# Let's Solve The FizzBuzz Challenge In Swift FizzBuzz is a legendary coding challenge. You simply must give it a try! But… what approaches can you use to solve FizzBuzz with the Swift programming language?

In this article, we’re going to solve the FizzBuzz challenge in three different ways:

• With conditionals
• With the `switch` statement
• With `.map()`

A while ago I did a live screencast, where I walk you through FizzBuzz. You can watch it here.

## What Is FizzBuzz?

FizzBuzz is a coding challenge. Its instructions are:

• Write a program that prints the numbers from 1 to 100
• For numbers divisible by 3, print “Fizz”
• For numbers divisible by 5, print “Buzz”
• For numbers divisible by both 3 and 5, print “FizzBuzz”

The point of FizzBuzz is to test if a person knows how to code. It’s commonly used in coding interviews to test the problem-solving and coding skills of a candidate.

What’s so interesting about FizzBuzz is that its solution is counter-intuitive, and can’t be solved elegantly. This often confuses beginner programmers, which makes it an interesting challenge.

As you’ll see in the next section, FizzBuzz can’t be solved with a simple if-this-then-that approach. You’ll have to duplicate some of your code, which will make you second-guess your solution if you wanted to make your code as elegant as possible.

Let’s have a look then, shall we?

Fun Fact: No employer or client has ever asked me to solve FizzBuzz in a coding interview. They did ask me, however, to sort giraffes in groups of ascending heights. The differences in heights in a group couldn’t exceed `1`, because that would make the giraffes insecure…

## Solving FizzBuzz With Conditionals

We’re now going to write the most basic solution for FizzBuzz, step-by-step. The first step is of course, a for loop:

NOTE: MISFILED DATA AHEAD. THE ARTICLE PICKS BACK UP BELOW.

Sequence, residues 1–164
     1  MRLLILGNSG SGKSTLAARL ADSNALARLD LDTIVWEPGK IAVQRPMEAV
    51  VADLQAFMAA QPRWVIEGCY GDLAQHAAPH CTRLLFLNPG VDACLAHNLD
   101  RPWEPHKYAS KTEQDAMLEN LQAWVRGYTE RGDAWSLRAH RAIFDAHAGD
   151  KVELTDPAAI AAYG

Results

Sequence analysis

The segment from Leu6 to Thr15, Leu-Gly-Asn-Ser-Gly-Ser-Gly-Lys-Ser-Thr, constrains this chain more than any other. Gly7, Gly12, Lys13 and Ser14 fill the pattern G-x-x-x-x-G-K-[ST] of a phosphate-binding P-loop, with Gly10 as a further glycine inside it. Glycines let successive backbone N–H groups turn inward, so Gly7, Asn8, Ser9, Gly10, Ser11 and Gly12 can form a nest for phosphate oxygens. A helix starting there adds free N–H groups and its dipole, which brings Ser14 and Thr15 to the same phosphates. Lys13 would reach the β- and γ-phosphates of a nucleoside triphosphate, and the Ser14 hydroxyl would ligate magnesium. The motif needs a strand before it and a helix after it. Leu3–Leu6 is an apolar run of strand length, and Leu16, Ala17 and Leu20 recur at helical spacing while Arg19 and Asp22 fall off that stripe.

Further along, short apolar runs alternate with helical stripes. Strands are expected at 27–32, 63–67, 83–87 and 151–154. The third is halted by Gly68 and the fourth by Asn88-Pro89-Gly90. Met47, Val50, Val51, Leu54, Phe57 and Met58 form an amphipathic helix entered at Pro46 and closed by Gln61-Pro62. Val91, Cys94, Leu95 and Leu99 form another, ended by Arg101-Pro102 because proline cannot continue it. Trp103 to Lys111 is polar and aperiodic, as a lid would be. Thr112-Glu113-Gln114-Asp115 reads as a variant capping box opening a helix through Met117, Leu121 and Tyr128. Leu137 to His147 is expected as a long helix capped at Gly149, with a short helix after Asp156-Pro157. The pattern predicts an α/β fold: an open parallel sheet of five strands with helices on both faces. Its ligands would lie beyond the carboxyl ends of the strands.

``````for i in 1...100
{
print(i)
}
``````

The above for loop will loop over the range `1...100` and print out its individual numbers. So far so good!

The next step is to find out if a number is divisible by 3. Here’s how:

``````for i in 1...100
{
if i % 3 == 0 {
print("Fizz")
} else {
print(i)
}
}
``````

That results in the output:

``````1, 2, Fizz, 4, 5, Fizz, 7, 8, Fizz, 10, 11, Fizz
``````

As expected, the numbers 3, 6, 9, 12, etc. are replaced by “Fizz”. Any other number is simply printed out as-is. So, how does that work?

The expression `i % 3 == 0` uses the modulo operator `%` to find the remainder of a division. It divides `i` by 3 and sees if there’s something “left”. For instance, 5 divided by 3 has 2 remaining, i.e. `5 % 3 = 2`. When the remainder is `0` you know for certain that `i` is divisible by 3.

The result of the `i % 3 == 0` expression is a boolean, so you can use it in an if-statement (also called a conditional). When the expression is `true`, “Fizz” is printed. When it’s `false`, the `else` block is executed and the number `i` is printed.

Now, let’s extend the code to also test for divisibility by 5. Like this:

``````for i in 1...100
{
if i % 3 == 0 {
print("Fizz")
} else if i % 5 == 0 {
print("Buzz")
} else {
print(i)
}
}
``````

Its output is:

``````1, 2, Fizz, 4, Buzz, Fizz, 7, 8, Fizz, Buzz, 11
``````